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Publication numberUS3725362 A
Publication typeGrant
Publication dateApr 3, 1973
Filing dateMar 8, 1971
Priority dateMar 8, 1971
Publication numberUS 3725362 A, US 3725362A, US-A-3725362, US3725362 A, US3725362A
InventorsJ Walker
Original AssigneePhillips Petroleum Co
Export CitationBiBTeX, EndNote, RefMan
External Links: USPTO, USPTO Assignment, Espacenet
Poly(arylene sulfide) composition and method for decreasing the melt flow of poly(arylene sulfide)
US 3725362 A
Abstract
The melt flow of poly(arylene sulfides) is decreased by heating the polymer in the presence of a melt flow modifier comprising sulfur and a melt flow modifier rate accelerator such as zinc oxide at a temperature above the melt point of the resin. The poly(arylene sulfide) materials of decreased melt flow retain their thermoplastic character and are readily formed into useful shaped objects as by injection molding.
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Description  (OCR text may contain errors)

United States Patent [191 Walker 1 Apr. 3, 1973 [75] Inventor: John H. Walker, Bartlesville, Okla.

[73] Assignee: Phillips Petr0leum Company, Bartlesville, Okla.

[22] Filed: Mar. 8, 1971 [21] Appl. No.: 122,254

[52] US. Cl ..260/79, 260/37 R, 260/79.l, 264/211 [51] int. Cl. ..C08g 23/00 [58] Field of Search ..260/79, 79.1

[56] References Cited UNITED STATES PATENTS 3,458,486 7/1969 Ray et al. .1 .L ..260/79.l 3,487,052 12/1969 Millen et al. ..260/79 OTHER PUBLICATIONS Gaylord, Polyethers, Part 111, Polyalkylene Sulfides and Other Polyethers, 1962, Pg. 164 & 165,v Interscience Pub]. N.Y. v

Primary Examiner-M. J. Welsh Assistant ExaminerMelvyn l. Marquis Attorney-Young & Quigg [57] ABSTRACT The melt flow of poly(arylene sulfides) is decreased by heating the polymer in the presence of a melt flow modifier comprising sulfur and a melt flow modifier rate accelerator such as zinc oxide ata temperature above the melt point of the resin. The poly(arylene sulfide) materials of decreased melt flow retain their thermoplastic character and are readily formed into useful shaped objects as by injection molding.

16 Claims, No Drawings POLY(ARYLENE SULFIDE) COMPOSITION AND METHOD FOR DECREASING THE MELT FLOW OF POLY(ARYLENE SULFIDE) This invention relates to the treatment of aromatic polymers. More particularly, the invention relates to compositions of matter comprising a polymer of an arylene sulfide containing a melt flow reducing amount of sulfur in combination with a melt flow reducing rate accelerator such as zinc oxide sufficient to effect a reduction in the melt flow of the polymer under the influence of heat.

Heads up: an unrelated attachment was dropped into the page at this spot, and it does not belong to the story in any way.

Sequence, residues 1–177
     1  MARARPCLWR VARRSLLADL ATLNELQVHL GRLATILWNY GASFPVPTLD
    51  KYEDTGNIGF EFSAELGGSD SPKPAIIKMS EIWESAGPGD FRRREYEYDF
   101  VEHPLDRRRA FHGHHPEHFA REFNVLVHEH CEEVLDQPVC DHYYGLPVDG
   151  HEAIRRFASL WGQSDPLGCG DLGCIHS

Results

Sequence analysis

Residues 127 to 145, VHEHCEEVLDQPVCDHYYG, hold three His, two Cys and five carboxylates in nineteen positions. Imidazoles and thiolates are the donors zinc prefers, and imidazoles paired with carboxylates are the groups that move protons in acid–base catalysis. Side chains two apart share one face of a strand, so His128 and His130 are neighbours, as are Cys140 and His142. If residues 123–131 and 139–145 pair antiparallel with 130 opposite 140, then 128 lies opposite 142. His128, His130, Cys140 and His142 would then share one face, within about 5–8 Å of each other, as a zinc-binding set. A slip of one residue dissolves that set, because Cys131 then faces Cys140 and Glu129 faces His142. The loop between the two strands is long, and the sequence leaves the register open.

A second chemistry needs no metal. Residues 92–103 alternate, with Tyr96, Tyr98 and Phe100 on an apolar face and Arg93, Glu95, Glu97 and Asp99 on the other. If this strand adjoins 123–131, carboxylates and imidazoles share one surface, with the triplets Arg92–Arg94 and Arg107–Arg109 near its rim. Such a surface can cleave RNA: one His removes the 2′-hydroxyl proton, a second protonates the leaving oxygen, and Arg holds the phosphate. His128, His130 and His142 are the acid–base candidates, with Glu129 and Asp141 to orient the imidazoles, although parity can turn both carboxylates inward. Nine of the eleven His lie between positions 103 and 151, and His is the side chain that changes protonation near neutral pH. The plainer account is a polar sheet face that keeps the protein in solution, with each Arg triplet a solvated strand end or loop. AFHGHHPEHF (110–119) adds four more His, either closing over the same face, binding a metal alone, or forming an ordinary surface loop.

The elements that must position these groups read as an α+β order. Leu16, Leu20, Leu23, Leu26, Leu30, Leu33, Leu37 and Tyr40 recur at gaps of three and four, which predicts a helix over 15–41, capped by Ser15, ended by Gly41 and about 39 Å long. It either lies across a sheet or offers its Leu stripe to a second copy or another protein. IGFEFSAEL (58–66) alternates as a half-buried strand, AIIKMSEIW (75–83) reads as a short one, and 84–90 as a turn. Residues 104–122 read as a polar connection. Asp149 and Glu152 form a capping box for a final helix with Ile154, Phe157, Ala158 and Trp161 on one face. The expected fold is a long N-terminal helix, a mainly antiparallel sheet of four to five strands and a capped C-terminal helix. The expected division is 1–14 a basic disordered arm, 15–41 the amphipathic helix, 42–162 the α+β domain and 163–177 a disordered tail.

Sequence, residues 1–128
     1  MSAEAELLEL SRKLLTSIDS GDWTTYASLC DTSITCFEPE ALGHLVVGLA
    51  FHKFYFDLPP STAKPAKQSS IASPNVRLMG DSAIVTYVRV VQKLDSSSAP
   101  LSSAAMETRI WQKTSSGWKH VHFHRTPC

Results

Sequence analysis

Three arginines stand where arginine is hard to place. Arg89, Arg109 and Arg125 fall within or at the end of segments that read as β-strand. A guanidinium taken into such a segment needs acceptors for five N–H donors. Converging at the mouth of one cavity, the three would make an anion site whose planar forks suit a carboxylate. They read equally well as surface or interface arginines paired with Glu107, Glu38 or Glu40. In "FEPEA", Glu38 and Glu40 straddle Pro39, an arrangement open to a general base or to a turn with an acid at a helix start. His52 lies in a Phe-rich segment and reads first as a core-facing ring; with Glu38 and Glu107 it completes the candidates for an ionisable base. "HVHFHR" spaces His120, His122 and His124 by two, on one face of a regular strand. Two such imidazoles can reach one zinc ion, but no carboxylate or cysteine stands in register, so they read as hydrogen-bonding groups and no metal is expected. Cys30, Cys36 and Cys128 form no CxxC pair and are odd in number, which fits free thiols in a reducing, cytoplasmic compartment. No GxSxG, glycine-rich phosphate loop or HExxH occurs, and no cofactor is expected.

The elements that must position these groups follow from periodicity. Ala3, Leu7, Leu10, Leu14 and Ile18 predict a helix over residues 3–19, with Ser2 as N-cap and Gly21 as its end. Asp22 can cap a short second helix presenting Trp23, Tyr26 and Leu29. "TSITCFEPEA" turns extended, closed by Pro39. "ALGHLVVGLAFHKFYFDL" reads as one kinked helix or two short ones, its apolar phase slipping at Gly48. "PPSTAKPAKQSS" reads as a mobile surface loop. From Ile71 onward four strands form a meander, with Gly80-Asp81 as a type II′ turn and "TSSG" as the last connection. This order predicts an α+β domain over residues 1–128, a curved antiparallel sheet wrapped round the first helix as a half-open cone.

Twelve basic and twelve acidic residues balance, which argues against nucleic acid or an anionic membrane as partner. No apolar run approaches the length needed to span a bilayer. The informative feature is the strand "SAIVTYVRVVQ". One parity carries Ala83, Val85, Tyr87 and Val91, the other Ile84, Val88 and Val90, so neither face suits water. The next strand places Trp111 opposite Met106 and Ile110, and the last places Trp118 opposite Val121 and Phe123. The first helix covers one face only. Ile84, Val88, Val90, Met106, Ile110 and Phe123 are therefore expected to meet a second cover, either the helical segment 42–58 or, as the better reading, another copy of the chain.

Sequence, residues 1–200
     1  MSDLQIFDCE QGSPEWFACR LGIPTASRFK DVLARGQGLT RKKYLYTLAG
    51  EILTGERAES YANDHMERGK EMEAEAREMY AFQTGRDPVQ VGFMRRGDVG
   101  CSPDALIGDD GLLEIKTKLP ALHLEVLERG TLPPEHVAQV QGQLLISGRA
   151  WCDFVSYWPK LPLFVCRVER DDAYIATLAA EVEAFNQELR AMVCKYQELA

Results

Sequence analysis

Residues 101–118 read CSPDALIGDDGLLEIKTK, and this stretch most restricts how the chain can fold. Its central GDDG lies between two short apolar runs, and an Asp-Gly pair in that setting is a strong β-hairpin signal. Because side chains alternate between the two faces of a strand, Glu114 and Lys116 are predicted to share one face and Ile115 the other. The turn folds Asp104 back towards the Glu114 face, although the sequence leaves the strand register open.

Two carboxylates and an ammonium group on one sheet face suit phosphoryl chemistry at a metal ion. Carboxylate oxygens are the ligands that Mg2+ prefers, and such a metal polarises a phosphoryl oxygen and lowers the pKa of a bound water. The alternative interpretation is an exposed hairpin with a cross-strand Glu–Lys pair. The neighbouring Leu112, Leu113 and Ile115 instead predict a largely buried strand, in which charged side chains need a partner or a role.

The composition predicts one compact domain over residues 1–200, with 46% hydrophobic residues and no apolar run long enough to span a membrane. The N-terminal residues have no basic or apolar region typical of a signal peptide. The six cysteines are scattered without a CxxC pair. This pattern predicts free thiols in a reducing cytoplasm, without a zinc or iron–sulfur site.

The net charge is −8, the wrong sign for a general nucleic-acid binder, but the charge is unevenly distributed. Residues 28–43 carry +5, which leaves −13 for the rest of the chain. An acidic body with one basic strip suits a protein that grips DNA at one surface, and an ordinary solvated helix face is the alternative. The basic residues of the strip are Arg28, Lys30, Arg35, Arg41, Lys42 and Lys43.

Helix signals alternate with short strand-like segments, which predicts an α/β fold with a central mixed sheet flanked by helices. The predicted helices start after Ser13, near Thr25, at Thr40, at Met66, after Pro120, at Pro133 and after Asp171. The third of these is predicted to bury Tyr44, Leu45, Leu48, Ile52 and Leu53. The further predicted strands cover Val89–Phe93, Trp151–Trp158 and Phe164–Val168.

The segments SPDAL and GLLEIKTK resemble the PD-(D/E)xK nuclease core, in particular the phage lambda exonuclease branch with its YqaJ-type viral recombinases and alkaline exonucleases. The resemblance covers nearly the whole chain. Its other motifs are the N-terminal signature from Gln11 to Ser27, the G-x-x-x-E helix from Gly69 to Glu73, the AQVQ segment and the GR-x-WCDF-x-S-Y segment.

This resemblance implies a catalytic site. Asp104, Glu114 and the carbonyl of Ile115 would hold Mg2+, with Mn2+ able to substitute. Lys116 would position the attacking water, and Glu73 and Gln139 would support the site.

Aromatic sulfide polymers ranging in consistency from viscous liquids to crystalline solids are known. While polymers of this type exhibit desirable properties for many applications such as molding compositions, the unmodified polymers, e.g., obtained directly from the reactors, normally possess a high melt flow which limits their use in certain instances. Such polymers, i.e., the unmodified materials, possess a very low melt viscosity which makes it difficult to handle them by conventional injection molding, extrusion, etc., practices.

Unexpectedly, l have discovered that a certain class of additives can be employed for decreasing the melt flow of sulfur-containing polymers without causing any appreciable loss in desirable properties. The resulting polymer thus obtained is a stable resinous material which remains sufficiently thermoplastic to further pressure mold and shape, press into sheet or draw or extrude into fibers. The sulfur-containing polymeric materials which are modified according to the invention do not degrade materially at normal processing temperatures and can be readily formed into useful articles such as sheets.

In accordance with the practice of this invention, there is provided a method for decreasing the melt flow of a poly(arylene sulfide) polymer by admixing the polymer with a melt flow modifier system comprising sulfur in admixture with certain hereinafter-described modifier rate accelerators and subjecting the admixture to an elevated temperature above the softening or melt point of the polymer for a time sufficient to effect a substantial decrease in melt flow of the polymer molecules.

The poly(arylene sulfides) which are improved by the processes of this invention include the homopolymers, copolymers, terpolymers, and the like prepared by the reaction of polyhalo-substituted aromatic compounds with alkali metal sulfides. The preparation of such polymeric compounds can be effected by the processes disclosed in Edmonds et al. U. 8. Pat. No. 3,354,129. Generally, the poly(arylene sulfide) compounds comprise the reaction product formed by contacting at least one polyhalo-substituted cyclic compound containing unsaturation between adjacent ring atoms and wherein the halogen atoms are attached to ring carbon atoms with an alkali metal sultide and a polar organic solvent at an elevated temperature. Generally, the polar organic compound will substantially dissolve both the alkali metal sulfide and the 'polyhalo-substituted aromatic compound. Preferably, the polyhalo-substituted cyclic compounds are selected from the group consisting of: